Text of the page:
Plaintiffs have not only failed to allege these requisite facts, they indeed cannot due to the explicit language of SCEA's Warranty, SSLA, and Terms of Service. Specifically, because SCEA had the right to terminate or alter any feature or function, it had no reason to believe that Plaintiffs purchased their PS3s particularly with the expectation and belief that all features, including the Other OS, would be available for the "life" of the PS3.

Sony is arguing that your system needs to keep all the features it was sold with for the length of its warranty, and then after that time, removal of any function is fair game. "I think the problem is that in order to accept the notion that Sony made an unauthorized intrusion onto the plaintiffs' PS3s, you have to start with the assumption that what was 'disabled' was something that the plaintiffs had an ownership interest in..." Sony's laywer argued.

He continued, saying that gamers had a choice. "We're talking about if you are so interested in keeping this one feature, then you're not going to be able to access the PSN anymore. You may not be able to play some games. But that is not hacking into somebody's computer, which is the essence of the [Computer Fraud and Abuse Act]." This isn't a matter of accepting or declining a software update, it's the problem of Sony placing consumers in a position where they lose functionality no matter what they do. That may be a tough sell to the court.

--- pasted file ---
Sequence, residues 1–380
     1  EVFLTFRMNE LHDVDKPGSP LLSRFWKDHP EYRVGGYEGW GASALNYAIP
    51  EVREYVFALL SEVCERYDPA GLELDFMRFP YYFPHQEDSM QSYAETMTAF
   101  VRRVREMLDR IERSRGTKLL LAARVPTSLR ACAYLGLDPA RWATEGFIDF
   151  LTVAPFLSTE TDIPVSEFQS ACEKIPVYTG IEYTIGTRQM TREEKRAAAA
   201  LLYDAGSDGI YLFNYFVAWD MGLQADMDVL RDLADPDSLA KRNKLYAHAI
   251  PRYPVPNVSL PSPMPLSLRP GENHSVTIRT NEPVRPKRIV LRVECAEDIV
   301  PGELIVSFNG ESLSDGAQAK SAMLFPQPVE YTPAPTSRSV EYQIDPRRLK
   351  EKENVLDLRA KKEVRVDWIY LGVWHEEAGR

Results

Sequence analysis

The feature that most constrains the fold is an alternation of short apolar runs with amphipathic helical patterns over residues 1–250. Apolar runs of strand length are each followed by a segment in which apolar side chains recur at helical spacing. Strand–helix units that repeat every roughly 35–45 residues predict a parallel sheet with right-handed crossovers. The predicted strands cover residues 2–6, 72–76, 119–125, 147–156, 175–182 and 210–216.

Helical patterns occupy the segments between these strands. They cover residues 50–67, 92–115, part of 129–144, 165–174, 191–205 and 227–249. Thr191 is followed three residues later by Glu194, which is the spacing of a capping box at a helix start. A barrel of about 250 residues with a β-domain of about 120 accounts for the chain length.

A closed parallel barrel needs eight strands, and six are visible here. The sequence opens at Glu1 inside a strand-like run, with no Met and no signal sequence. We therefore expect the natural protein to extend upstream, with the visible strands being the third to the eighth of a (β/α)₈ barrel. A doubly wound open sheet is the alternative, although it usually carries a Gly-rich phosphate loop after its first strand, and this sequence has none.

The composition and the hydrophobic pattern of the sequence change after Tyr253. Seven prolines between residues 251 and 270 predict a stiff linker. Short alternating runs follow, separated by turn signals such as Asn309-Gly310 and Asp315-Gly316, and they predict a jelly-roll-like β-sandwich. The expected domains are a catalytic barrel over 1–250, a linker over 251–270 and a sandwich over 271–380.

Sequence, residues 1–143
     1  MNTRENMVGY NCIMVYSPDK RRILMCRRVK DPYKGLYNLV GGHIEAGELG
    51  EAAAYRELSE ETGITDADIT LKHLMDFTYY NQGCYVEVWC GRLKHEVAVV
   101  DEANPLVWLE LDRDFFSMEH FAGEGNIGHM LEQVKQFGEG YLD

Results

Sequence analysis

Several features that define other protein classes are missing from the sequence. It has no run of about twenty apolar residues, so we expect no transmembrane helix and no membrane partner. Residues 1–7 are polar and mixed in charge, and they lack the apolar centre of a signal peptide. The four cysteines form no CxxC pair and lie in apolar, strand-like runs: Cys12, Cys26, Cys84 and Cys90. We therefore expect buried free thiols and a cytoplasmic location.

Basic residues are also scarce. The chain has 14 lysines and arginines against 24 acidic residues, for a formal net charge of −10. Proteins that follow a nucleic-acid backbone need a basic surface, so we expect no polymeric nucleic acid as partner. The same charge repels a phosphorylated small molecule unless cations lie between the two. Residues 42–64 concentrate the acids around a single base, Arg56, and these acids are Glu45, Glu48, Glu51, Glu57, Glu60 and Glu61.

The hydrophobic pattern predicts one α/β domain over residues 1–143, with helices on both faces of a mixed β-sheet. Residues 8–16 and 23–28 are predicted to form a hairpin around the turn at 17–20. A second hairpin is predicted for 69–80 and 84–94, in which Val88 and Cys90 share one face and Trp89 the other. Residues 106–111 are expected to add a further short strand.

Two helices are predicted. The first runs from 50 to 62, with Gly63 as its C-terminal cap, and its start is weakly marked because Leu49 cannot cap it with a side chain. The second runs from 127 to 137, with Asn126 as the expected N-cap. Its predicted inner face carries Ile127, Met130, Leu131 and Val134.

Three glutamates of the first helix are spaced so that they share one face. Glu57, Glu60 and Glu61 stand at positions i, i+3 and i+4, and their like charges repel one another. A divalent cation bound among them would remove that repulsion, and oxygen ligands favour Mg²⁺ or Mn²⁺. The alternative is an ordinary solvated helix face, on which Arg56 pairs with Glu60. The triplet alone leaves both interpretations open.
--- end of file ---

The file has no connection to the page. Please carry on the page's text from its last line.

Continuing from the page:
Groklaw has a great article (groklaw.net/article.php?story=20110218181557455) on the entirety of the court case, and we urge you to read it. The ins and outs of this case deal with much more than gaming consoles and Linux, and go into the idea of a warranty, and what's expected of modern electronics. We'll continue to follow the story as it develops.

#35 - erik98 - 218w ago
erik98's Avatar
i feel they should either allow jailbreaking or give us otheros back

i made my decision to buy a ps3 because it could run open source without modding. Otherwise i would have bought an xbox 360!

#34 - shummyr - 218w ago
shummyr's Avatar
Its a real pain when sony decides to pull stunts and remove features that they promised would be there forever.

#33 - bloodbath101 - 220w ago
bloodbath101's Avatar
wow all this video game stuff, never gets old.

#32 - Sterist - 220w ago
Sterist's Avatar
i sued sony in small claims and they never paid or responded.